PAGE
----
A look at the traumas behind immigration through dance

Silvana Cardell brings Disposable Bodies to the Wilma Theater

2 minute read
A group of dancers entangled together, their faces hidden by their bodies, a cloudy backdrop and bubbles in front
'Disposable Bodies' opens at the Wilma this week. (Photo provided by Wilma Theater.)

Who counts as human? And whose lives count as lives? These questions drive Argentine American choreographer Silvana Cardell’s latest work, Disposable Bodies, at the Wilma Theater this October 6-8, 2023, in a co-production with Bryn Mawr College. Recipient of a 2022 Guggenheim Fellowship, Cardell has long explored critical social issues through movement, including in her phenomenal Supper! People on the Move (2015), a wrenching meditation on immigration. In a career spanning decades and continents, Cardell has built a reputation for visceral, cinematic work that tackles weighty topics and transforms dancers and audiences alike.

The stories our bodies hold

The germ of Bodies arose while Cardell was preparing Supper! when she interviewed refugees who recounted the often dire conditions that compelled them to leave home and the harrowing journeys they endured, only to find themselves pariahs in the US. Many landed at the factory farms known to exploit the labor of undocumented people, where they suffered deplorable living and working conditions. The trauma enacted upon those fueling the industry and reproduced without end staggered Cardell. She found parallels in the dehumanization of poor bodies in Buenos Aires, where young children in need of food or money perform circus acts at stoplights, peddle socks at restaurant patios, and scour the sidewalks for recyclables. In Bodies, the dancers skulk on all fours, limbs intertwined, heads tucked inside shirts, “animalized” like the port city’s impoverished kids who disappear their faces under clothing when they are arrested for merely trying to survive. In this uncanny image, recognition can unhinge, as Cardell attests: “When these children approach you, you realize they are babies, and you think of your own.”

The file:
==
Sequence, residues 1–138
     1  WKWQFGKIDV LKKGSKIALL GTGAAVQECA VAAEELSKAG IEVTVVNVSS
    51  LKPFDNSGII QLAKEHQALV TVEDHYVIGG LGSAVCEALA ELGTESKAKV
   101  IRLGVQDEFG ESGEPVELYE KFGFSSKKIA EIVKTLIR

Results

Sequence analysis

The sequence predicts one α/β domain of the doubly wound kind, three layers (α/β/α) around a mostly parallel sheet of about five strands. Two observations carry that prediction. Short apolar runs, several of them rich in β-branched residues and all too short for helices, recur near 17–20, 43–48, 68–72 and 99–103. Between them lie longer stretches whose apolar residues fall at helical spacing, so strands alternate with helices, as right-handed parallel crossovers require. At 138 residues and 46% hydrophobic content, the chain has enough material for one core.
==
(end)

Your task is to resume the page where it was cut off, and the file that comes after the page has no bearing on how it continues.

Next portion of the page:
Bodies opens with an enormous inflatable pig dominating the stage. Pulsing with air in the manner of life, the porcine sculpture’s curves and folds become a canvas upon which filmed projections of its real-life inspiration stare back. The closeup moving image of a pig’s eye, magnified and accompanied by its grunting breath and piercing squeals, pens us in our witnessing. Surveillance-style cameras capture the dancers in acts of violence and duplicate these upon the walls alongside footage of carcasses hanging in meat lockers. Into this atmosphere of unease, Cardell adds tranquil scenes of languid movement, projections of cloud-puffed skies and quotations, suggesting an Edenic end to the Anthropocene.

In blurring the boundary between human and non-human animals, Cardell interrogates speciesism while exposing how violence against animals mirrors the grievous oppressions of human society. Where such ideas might lie fallow on the page, Bodies carries Cardell’s signature urgency, propelled by the dancers’ chops and enhanced with props and technology, including Maria Chavez’s alternately ominous and soothing soundscape. From this charged material, Bodies unearths a vision of another way that asks to ripple out.

Know-before-you-go: This show is recommended for mature audiences due to nudity and sensitive content.

What, When, Where

Disposable Bodies. Choreography by Silvana Cardell. Cardell Dance Theater. October 6-8, 2023, at the Wilma Theater, 265 S Broad Street, Philadelphia. (215) 546-7824 or

A Q&A with the performers and director will be held after the 7pm performance on Saturday, October 7.


The Wilma offers a variety of accessibility accommodations to better serve audiences. Contact the box office at least 24 hours in advance of the performance with any questions.

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